More on Patient Engagement

Providers that help patients manage chronic conditions face fewer readmission penalties, study finds

Preventable hospital readmissions are estimated to account for more than $17 billion in Medicare expenditures each year; hospitals pay as a result.

Jeff Lagasse, Associate Editor

Taking a more proactive role in helping patients manage their chronic conditions keeps them more engaged in the process of their care, which can save hospitals money in the form of avoided readmission penalties, according to a new study by communications firm West.

The savings are well worth the investment. Preventable hospital readmissions are estimated to account for more than $17 billion in Medicare expenditures each year, and some of those Medicare costs are passed on to hospitals in the form of those pesky penalties -- projected to cost about $528 million during the 2017 fiscal year. Under the Hospital Readmission Reduction Program, about half of all U.S. hospitals were hit with payment penalties last year.

Effectively managing chronic diseases also leads to better outcomes, which in turn leads to a higher public opinion, impacting how much a provider can earn consumer confidence and attract revenue, the study found.

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[Also: ACO-affiliated hospitals see fewer readmissions from skilled nursing facilities, study finds]

A survey conducted by West reflects a knowledge gap among patients when it comes to managing their chronic diseases. About 39 percent of respondents admitted they were only somewhat knowledgeable, at best, about how to effectively manage their condition.

A patient who has never had diabetes, for example, is not likely to know how to take a blood glucose reading, or what that reading even means. They may not know how to follow a healthy diet, or what symptoms might signal the need for immediate medical attention. That knowledge gap isn't typically something they can overcome on their own, the study said.

A big part of the problem, said West, is that many patients don't have a good grasp of health metrics, They may know they're unhealthy, but they don't understand where there metrics fall on the spectrum of healthy to unhealthy. Most providers -- 75 percent, in fact -- feel only somewhat confident that their patients are truly informed about the state of their health.

Getting patients to understand those metrics is essential for reducing the complications of their conditions. That means they need better disease management support from providers.

A key strategy in that regard is extending chronic disease management to the home. At least 70 percent of patients with a chronic condition said they'd like more resources or clarity on how to manage their disease, and 91 percent said they need help doing so. The support that patients are now getting from providers occurs mostly in a physician's office -- which are important, but may not be meeting patients' needs fully.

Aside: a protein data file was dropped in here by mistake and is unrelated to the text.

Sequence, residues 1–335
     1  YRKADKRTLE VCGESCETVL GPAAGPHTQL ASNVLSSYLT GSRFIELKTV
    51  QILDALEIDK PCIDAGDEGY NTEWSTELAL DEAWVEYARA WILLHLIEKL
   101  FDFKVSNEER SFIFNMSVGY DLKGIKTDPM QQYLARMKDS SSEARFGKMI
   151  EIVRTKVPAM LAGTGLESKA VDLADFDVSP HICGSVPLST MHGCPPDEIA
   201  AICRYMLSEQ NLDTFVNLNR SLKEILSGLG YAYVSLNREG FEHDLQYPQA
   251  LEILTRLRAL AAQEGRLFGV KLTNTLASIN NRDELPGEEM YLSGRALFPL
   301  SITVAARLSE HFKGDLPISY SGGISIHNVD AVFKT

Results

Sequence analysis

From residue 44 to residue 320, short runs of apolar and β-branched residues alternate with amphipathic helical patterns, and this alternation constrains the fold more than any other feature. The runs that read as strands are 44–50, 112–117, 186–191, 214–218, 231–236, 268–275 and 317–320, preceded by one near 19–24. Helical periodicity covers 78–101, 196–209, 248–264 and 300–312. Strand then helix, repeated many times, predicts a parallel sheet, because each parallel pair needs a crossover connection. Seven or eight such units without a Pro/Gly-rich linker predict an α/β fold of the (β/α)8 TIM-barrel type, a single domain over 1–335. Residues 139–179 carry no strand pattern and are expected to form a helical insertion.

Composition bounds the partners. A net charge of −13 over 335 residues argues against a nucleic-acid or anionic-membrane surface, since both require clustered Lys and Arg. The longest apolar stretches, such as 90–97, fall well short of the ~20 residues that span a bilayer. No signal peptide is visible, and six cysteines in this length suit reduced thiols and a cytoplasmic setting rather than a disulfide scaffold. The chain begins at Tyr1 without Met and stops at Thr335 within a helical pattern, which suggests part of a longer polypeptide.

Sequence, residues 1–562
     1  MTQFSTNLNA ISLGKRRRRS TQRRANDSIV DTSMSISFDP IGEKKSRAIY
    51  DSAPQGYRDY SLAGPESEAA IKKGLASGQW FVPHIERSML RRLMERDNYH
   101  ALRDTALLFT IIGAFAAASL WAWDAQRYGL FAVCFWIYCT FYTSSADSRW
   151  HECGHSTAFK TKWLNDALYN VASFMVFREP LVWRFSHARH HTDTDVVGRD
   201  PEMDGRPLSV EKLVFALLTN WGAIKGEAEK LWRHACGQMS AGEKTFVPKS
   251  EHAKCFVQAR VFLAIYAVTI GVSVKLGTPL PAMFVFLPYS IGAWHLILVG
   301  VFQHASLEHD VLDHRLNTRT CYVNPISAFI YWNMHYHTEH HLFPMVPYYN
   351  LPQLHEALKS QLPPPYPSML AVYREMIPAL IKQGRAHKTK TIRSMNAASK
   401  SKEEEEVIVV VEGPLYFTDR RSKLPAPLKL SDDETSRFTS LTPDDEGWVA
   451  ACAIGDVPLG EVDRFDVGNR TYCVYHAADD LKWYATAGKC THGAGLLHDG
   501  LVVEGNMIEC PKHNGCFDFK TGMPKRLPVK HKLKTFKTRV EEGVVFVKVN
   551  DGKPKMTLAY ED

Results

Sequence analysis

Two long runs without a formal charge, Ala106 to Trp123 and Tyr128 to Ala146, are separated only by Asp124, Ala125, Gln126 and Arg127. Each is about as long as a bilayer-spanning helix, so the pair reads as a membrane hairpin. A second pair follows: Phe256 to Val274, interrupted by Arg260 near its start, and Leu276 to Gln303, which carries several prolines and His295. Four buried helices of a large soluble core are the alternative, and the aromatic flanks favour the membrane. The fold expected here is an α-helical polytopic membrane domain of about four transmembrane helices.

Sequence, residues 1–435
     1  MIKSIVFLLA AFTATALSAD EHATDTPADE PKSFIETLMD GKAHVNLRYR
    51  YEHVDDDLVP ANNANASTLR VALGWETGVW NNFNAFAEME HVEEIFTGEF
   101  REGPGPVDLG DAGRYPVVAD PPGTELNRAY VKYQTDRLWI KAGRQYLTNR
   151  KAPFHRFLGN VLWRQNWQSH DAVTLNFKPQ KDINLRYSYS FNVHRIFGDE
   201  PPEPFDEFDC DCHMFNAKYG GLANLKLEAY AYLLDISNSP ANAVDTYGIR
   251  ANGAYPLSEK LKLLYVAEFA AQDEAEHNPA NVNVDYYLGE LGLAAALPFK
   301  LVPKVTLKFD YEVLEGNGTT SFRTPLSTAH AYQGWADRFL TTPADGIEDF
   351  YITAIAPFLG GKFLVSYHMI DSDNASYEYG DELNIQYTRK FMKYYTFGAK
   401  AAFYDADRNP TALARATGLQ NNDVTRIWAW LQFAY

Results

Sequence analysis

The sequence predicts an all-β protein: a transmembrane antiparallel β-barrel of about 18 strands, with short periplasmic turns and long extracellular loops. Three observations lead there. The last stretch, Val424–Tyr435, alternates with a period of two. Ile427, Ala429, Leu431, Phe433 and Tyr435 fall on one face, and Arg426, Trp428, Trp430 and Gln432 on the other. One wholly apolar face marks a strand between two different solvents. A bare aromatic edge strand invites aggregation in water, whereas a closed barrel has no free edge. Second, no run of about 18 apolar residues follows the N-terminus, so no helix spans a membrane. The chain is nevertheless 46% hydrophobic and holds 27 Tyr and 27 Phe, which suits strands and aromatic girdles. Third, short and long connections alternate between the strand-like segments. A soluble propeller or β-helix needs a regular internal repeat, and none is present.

[Also: Hospital nutrition programs may shorten patient stays, reduce readmissions by as much as 27 percent]

Overall, 39 percent of patients indicate that they are likely to need help managing their condition between appointments. Meanwhile, two in three patients say the information they receive from their provider about managing their condition is general, and not specific to their case.

The study suggests that tailoring communications is an effective strategy for helping patients manage their chronic ailments. Providers can tailor chronic care information by using information from health records. They can also personalize all of their communication and reminders, and use email, voice and text messaging to connect with patients through their preferred form of communication, and at their preferred times.

Surveying patients is another effective chronic care strategy, according to West. Automated surveys allow providers to monitor patients in their home environment and intervene before they need acute care.

Biometric monitoring devices are yet another option for providers. Heart rate monitors, blood pressure cuffs, pulse oximeters, blood glucose meters and other devices can be used to collect health readings remotely.

Those strategies can improve outcomes, the study said. And when patient outcomes improve, unnecessary hospital readmissions decrease, patients have better overall experiences, and hospitals and health systems can earn more reimbursements and avoid penalties.

Twitter: @JELagasse

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